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Review: Puscifer “Conditions of My Parole”

Each Sunday The Hard Times takes a look at a notable album from the past. This time around we reviewed Puscifer’s “Conditions of My Parole,” the sophomore album from the band considered a “side project” of Tool frontman Maynard James Keenan.

When my editor put Puscifer’s 2011 album “Conditions of My Parole” up for grabs, I jumped at the chance to review it. Mostly because in the nearly 12 years since its release, I’ve been dedicating most of my time to running a local chapter of the Church of Saint Maynard James Keenan.

Now before you get all atheistic and snarky on me, please take a moment to consider what I have to say. We here at the CSMJK pride ourselves on not being like those pushy, judgemental evangelical preachers you’d see in a regular church, oh no. We’re deeply open-minded. Our motto is actually “All Are Welcome*,” with the asterisk referring to section 1a of our 3,000-page handbook which states:

“All Are Welcome (Should You Understand that Tool, A Perfect Circle, and Puscifer are the Defining Musical Acts of a Generation, and Spreading the Good Word of Saint Maynard James Keenan is the Most Important, Holy Work One Can Do)”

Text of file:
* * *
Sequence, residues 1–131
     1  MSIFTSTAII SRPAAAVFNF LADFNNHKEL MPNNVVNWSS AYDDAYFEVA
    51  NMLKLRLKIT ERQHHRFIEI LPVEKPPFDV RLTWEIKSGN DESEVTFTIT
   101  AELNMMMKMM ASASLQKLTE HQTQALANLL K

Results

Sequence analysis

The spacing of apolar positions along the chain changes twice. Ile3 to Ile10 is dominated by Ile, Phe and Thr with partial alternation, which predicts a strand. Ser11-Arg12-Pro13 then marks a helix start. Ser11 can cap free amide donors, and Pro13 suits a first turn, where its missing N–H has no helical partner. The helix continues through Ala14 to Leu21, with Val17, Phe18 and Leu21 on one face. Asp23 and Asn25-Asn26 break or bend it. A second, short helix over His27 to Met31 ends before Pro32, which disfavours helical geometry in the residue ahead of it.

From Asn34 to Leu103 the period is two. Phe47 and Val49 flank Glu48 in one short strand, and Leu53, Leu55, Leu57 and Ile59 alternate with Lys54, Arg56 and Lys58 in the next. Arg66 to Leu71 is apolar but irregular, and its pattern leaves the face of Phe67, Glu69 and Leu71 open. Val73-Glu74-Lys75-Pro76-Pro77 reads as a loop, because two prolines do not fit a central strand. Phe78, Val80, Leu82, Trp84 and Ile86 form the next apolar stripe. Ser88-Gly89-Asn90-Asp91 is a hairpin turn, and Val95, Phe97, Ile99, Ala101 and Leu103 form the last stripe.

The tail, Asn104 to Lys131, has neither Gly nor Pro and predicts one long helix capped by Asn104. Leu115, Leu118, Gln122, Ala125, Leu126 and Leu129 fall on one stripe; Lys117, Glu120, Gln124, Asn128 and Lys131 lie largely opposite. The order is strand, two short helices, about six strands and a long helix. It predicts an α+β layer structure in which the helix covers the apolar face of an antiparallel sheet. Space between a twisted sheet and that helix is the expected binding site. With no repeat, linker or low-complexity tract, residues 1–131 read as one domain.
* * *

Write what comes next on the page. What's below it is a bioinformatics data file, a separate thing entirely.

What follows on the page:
See? We’re not like those bigoted homophobes you’d find down the street. We’re simply a collection of dedicated fans who will stop at nothing to ensure that everyone worships the same man, even though he’s really gone out of his way to publicly discuss his distaste for contemporary celebrity culture in the West.

And yes, the rumors are true. He had some business cards printed up that said “Jesus H. Christ,” which, now that I think about it, seems more of an ironic and scathing commentary on placing a single human on a pedestal than an invitation to codify him into some sort of mock religion like I’ve wasted over a decade of my life doing.

Oh, fuck me. Could it be that I’ve wildly misinterpreted or outright ignored lyrics like “Narcissistic drama queen / Craving fame and all its decadence”? The answer seems like yes.

Now I can’t help but doubt all the other things that have totally gone over my head. In the title track of “Conditions of My Parole,” Keenan sings that he “shipped her off to Mozambique.” I used to think this was literal, but my god, it seems that in hindsight, he’s talking about performing some sort of execution. I can’t in good conscience continue my work at the Church after learning this.

I guess I will refocus my efforts towards unmasking anonymous bands that wish to remain that way to avoid the pitfalls of public life. That seems like a much better use of my time!

SCORE: 1/7 members of Ghost doxxed.